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'Missed opportunity' budget points to further cuts

HAMMOND: 'Our NHS is one of our great institutions'

The chancellor’s autumn budget was a ‘missed opportunity’ to address the black hole in NHS finances – and hospital bosses will have to have ‘difficult conversations’ about where to cut services as a result.

Doctors leaders said the budget, which included £2.8bn of new revenue cash for the NHS over three years, offers ‘little respite’ for the serious difficulties facing the service.

The revenue cash boost for the NHS was less than the £4bn a year health experts and think tanks called for and less than the £3bn put aside for Brexit preparations.

Chaand-Nagpaul-3 GPC chair 2015 16x9BMA council chair Chaand Nagpaul (pictured right) said he was disappointed the budget had failed to put patient care first by addressing funding challenges and undoing ‘damaging cuts’ to the health service.

‘The NHS is facing the toughest period in its history and today’s budget offers little respite,’ he said.

‘The extra funding promised may ease some short-term pressures, but it falls far short of addressing the serious, long-term funding problems facing the NHS and doesn’t plug the funding black hole identified by the NHS’s own leaders.’

Dr Nagpaul added: ‘Health spending in the UK would be £10bn more if the UK spent the same proportion of its wealth on healthcare as the average of other leading EU economies. We have fewer doctors and beds than countries such as France and Germany ... and public health services have been cut to the bone in recent years. Many waiting-time targets haven’t been met for years and patients face longer delays to see their GP as general practice struggles to cope.

‘With workforce pressures and uncertainly from Brexit looming, today was an opportunity to put the NHS on a stable footing as we enter uncertain times. It was an opportunity missed.’


'We will always back it'

Delivering the budget, chancellor Philip Hammond restated his previous promise to provide £10bn in capital to the NHS over the course of the Parliament – although it is yet unclear how much will have to come from land and estates sales – as well as £2.8bn of revenue over three years and a promise to provide funds to cover an increase in pay for nurses.

He said: ‘Our NHS is one of our great institutions – an essential part of what we are as a nation. Its values are the values of the British people and we will always back it.’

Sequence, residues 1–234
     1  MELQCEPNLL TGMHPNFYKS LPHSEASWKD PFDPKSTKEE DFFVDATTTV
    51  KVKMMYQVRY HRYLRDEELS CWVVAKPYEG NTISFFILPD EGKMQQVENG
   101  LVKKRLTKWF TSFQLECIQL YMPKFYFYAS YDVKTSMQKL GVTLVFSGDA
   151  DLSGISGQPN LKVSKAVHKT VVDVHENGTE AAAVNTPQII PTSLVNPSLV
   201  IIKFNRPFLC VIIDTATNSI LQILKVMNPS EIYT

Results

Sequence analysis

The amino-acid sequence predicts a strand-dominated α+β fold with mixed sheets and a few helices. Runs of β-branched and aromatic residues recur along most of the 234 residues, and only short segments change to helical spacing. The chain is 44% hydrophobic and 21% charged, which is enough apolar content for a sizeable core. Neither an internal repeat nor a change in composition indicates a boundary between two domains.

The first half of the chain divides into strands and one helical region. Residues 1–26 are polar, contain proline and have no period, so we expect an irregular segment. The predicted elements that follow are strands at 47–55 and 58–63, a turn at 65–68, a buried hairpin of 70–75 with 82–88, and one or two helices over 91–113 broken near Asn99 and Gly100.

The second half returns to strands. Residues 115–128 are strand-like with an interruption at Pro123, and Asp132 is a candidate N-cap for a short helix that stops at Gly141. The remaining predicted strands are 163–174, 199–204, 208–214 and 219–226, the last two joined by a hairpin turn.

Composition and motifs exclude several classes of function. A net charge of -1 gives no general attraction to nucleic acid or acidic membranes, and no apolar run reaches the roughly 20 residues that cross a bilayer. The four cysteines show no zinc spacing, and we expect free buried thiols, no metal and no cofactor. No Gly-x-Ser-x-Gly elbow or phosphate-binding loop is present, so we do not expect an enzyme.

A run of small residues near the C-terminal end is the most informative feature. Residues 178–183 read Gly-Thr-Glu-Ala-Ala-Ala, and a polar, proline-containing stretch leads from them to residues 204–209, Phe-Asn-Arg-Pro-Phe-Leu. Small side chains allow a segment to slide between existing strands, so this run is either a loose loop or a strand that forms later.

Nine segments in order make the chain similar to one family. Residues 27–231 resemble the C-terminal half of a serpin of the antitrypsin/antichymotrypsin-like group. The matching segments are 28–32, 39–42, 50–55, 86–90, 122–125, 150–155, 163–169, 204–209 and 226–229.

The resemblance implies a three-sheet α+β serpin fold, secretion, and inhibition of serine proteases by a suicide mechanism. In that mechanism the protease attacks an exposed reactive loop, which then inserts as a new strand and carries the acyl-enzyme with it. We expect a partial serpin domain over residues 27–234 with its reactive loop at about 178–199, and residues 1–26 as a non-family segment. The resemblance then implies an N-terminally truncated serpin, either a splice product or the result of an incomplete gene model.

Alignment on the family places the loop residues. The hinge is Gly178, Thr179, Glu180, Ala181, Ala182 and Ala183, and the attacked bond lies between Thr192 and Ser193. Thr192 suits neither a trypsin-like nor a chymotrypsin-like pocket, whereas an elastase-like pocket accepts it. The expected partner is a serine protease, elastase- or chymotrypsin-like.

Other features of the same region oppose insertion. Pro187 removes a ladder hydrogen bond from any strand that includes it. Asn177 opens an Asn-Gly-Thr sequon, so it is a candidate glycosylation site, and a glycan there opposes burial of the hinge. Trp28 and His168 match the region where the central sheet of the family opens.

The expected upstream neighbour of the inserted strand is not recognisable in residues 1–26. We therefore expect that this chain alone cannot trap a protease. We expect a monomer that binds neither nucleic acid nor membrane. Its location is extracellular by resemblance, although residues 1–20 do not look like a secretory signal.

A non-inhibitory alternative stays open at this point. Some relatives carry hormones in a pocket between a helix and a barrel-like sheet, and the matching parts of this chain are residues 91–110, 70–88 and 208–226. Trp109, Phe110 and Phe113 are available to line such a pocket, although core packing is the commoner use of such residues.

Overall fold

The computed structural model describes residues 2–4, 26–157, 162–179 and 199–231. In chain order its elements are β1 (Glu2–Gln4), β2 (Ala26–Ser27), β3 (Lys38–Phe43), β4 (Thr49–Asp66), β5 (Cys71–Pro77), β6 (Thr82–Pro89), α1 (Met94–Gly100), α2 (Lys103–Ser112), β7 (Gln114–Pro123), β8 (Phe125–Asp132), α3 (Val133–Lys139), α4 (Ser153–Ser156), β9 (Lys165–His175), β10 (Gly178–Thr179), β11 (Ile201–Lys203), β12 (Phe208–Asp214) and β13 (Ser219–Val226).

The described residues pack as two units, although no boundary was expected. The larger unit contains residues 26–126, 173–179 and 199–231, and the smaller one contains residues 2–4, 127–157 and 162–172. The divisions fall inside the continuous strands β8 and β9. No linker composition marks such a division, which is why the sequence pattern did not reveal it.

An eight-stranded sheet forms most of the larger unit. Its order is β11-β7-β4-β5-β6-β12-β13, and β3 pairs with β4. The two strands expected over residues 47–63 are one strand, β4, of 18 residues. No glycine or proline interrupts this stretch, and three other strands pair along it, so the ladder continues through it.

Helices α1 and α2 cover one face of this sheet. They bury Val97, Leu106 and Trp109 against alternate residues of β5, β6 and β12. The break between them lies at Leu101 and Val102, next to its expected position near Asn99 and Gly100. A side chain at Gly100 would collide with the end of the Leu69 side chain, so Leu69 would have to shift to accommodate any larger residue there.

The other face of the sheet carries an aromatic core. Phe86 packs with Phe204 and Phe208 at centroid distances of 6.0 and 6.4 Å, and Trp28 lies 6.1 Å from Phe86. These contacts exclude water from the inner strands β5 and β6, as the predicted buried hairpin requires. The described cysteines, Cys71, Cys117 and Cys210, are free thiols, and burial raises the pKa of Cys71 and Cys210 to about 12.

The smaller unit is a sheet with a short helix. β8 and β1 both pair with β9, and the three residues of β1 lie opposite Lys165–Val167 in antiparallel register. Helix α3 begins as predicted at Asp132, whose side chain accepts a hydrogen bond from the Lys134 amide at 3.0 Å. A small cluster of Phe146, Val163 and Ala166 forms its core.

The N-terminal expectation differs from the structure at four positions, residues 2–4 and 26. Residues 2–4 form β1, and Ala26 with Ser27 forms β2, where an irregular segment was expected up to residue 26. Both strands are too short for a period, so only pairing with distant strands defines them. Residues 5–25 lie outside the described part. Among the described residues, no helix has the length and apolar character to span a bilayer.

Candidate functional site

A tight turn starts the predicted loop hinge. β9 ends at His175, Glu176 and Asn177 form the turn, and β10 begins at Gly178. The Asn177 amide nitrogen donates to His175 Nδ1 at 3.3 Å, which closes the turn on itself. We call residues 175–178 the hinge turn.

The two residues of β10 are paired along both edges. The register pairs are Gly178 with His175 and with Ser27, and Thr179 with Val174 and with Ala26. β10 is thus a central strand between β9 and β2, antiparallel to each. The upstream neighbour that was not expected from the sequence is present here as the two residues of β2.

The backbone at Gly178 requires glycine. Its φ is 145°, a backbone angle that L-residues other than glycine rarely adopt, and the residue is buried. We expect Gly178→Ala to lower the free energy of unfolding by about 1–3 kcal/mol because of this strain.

But health leaders were disappointed by the announcement after warning that more would be needed if services were to be maintained.

NHS Providers chief executive Chris Hopson said the extra funding would not be enough to avoid hospitals having to consider cutting services.

Writing on Twitter Mr Hopson said: ‘Good to see more NHS revenue for 2018/19. But since the increases fall short of the £4bn asked for, we will have some difficult choices to make around what can be delivered ... important to involve trust leaders in those decisions.’

Birmingham Women and Children’s Hospital chief executive Sarah-Jane Marsh added: ‘My reaction to the NHS budget settlement – one of extreme sadness. Some very difficult conversations ahead.’

Leader of the Opposition Jeremy Corbyn, responding to the budget, agreed. He said: ‘The NHS chief executive says the budget is well short of what is needed and, from what the chancellor has said today, it’s still going to be well short of what is needed.’

The budget failed to give any significant mention to either social care or mental health but the chancellor did say cigarette and rolling-tobacco taxes would rise at inflation plus 2 per cent, and said duty on white cider would rise. Despite a tax on normal cider, wine, beer and spirits would be frozen.

Dr Nagpaul said: ‘Doctors see first-hand the damaging impact of alcohol, tobacco and poor diet on people’s health, and it is extremely disappointing the chancellor didn’t take bolder action to tackle these problems, which cost the NHS billions each year to treat.'

Find out more about the budget

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